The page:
In patients seeking aesthetic rhinoplasty, a high prevalence of body dysmorphic disorder symptoms has recently been reported. However, the impact of these symptoms on the outcomes after rhinoplasty remains elusive. This large-scale study determines the influence of preoperative body dysmorphic disorder symptoms on patients' postoperative satisfaction and quality of life, using validated questionnaires.
A 1-year prospective study of 166 adult patients undergoing cosmetic rhinoplasty in a tertiary referral center was performed. Severity of body dysmorphic disorder symptoms was assessed by the modified Yale-Brown Obsessive Compulsive Scale. Postoperative satisfaction was evaluated using a visual analog scale for patients' appraisal of nasal shape and the Rhinoplasty Outcome Evaluation. Generic quality of life was quantified by the Sheehan Disability Scale, whereas the appearance-related disruption of everyday life was measured by the Derriford Appearance Scale-59.
Preoperative body dysmorphic disorder symptom scores inversely correlated with postoperative satisfaction at 3 months (visual analog scale nasal shape: rho = −0.43, p < 0.001; Rhinoplasty Outcome Evaluation: rho = −0.48, p < 0.001) and 12 months (rho = −0.40, p < 0.001; and rho = −0.41, p < 0.001, respectively) after surgery. In addition, body dysmorphic disorder symptom scores positively correlated with Sheehan Disability Scale scores and Derriford Appearance Scale-59 scores at 3 months (rho = 0.43, p < 0.001 and rho = 0.48, p < 0.001, respectively) and 12 months (rho = 0.32, p < 0.001, and rho = 0.48, p < 0.001, respectively) postoperatively.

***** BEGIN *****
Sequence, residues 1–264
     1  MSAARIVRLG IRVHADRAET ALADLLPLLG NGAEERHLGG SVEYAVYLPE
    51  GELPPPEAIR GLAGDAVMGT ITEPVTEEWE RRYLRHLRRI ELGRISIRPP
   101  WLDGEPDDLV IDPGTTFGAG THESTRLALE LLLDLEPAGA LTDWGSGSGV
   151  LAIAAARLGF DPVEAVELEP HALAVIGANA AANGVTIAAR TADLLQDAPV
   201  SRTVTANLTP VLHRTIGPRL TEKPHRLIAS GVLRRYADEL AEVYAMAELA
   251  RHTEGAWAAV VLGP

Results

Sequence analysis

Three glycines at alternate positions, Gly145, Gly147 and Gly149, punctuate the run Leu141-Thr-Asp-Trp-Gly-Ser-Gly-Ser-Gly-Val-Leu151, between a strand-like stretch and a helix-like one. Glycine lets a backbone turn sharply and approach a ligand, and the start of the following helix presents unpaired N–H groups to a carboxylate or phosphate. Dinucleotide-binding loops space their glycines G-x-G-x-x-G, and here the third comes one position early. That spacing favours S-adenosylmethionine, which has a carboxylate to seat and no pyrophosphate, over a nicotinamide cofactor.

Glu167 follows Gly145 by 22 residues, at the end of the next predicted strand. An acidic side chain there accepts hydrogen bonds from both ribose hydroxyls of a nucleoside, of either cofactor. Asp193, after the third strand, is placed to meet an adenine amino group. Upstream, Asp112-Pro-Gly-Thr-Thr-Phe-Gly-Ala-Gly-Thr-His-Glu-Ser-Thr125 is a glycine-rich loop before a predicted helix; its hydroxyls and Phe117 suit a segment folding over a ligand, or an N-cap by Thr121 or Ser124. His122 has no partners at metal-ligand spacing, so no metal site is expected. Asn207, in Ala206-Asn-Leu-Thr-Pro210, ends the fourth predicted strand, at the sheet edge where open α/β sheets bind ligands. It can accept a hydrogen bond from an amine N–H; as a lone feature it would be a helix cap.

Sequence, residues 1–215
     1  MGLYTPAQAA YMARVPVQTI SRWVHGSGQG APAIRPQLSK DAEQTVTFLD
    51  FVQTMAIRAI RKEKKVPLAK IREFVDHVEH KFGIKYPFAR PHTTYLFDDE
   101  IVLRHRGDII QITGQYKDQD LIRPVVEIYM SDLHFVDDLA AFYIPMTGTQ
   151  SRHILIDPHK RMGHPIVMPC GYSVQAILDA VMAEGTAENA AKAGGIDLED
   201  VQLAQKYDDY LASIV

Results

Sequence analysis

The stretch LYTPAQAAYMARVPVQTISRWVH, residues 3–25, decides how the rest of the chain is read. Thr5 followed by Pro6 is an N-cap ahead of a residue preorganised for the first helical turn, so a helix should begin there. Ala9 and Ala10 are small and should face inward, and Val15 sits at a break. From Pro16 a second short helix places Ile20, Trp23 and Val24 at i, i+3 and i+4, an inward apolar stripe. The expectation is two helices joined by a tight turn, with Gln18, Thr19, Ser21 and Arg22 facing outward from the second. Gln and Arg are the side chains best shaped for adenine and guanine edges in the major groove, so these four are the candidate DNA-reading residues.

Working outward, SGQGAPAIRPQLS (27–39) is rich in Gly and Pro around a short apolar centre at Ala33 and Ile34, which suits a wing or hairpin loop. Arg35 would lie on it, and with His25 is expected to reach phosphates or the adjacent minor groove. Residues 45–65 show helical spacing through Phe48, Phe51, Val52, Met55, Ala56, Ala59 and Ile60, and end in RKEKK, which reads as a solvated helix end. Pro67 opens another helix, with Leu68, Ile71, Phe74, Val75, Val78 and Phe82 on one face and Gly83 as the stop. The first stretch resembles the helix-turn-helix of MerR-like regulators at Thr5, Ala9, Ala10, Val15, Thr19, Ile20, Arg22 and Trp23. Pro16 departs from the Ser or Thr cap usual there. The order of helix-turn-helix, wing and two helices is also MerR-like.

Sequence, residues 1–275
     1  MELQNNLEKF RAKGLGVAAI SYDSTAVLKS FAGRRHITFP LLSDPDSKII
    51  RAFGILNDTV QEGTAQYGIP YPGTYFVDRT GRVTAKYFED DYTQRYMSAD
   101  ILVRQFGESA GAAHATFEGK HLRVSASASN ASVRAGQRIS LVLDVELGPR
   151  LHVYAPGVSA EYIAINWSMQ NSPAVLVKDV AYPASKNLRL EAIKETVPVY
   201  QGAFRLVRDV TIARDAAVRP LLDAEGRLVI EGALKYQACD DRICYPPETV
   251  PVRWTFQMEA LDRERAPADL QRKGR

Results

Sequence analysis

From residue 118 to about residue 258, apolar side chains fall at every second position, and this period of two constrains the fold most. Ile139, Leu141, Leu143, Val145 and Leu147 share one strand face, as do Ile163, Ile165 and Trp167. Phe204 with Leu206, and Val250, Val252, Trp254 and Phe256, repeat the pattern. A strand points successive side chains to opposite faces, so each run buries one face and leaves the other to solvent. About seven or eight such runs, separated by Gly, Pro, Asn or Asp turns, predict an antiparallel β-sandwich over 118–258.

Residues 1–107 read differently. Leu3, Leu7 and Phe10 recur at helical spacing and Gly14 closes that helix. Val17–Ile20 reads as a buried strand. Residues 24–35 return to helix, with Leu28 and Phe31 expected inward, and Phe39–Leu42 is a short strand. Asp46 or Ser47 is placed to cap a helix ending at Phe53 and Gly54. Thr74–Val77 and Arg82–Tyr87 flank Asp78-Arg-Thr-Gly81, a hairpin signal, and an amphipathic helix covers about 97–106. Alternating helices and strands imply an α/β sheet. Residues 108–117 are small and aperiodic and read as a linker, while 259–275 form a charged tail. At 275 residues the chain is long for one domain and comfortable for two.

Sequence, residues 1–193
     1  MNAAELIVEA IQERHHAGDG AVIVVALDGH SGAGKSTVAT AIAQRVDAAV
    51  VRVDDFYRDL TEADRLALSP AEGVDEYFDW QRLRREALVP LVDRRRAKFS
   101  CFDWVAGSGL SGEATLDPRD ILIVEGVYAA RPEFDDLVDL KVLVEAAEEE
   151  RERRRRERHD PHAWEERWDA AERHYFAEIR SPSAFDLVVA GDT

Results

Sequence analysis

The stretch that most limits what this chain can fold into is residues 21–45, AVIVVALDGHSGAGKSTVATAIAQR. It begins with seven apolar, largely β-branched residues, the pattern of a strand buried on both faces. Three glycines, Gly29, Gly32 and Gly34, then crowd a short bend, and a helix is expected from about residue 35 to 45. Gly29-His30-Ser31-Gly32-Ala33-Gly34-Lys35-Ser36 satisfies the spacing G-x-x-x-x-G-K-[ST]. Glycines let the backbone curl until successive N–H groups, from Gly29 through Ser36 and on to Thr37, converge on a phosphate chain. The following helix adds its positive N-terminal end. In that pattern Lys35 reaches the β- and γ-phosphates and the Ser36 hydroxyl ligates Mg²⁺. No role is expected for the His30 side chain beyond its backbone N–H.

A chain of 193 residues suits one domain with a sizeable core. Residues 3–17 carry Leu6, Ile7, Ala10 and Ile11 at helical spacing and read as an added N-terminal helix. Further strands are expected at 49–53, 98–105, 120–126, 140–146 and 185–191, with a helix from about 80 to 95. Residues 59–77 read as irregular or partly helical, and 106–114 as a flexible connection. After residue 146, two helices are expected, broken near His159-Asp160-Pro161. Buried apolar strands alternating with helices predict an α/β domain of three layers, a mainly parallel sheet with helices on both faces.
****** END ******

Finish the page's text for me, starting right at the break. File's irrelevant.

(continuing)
This study provides the first evidence of the negative impact of preoperative body dysmorphic disorder symptoms on subjective outcomes after rhinoplasty, hence unveiling a crucial factor in patient dissatisfaction after aesthetic rhinoplasty.
Leuven, Belgium; Ulm, Germany; and Crete, Greece
From the Departments of Otorhinolaryngology, Head and Neck Surgery, and Psychiatry, University Hospitals Leuven; the Department of Otorhinolaryngology, Ulm University; the Department of Neurosciences, KU Leuven; and the Department of Otorhinolaryngology, University of Crete School of Medicine.
Received for publication August 28, 2012; accepted October 24, 2012.
Presented at Nose and Face World, in Rome, Italy, May 9 through 12, 2012.
Disclosure:The authors have no financial interest to declare in relation to the content of this article. No outside funding was received.
Prof. Dr. Peter W. Hellings, M.D., Ph.D.; Ear, Nose, and Throat Department, University Hospitals Leuven, Campus Sint-Rafaël, Kapucijnenvoer 33, B-3000 Leuven, Belgium, email@example.com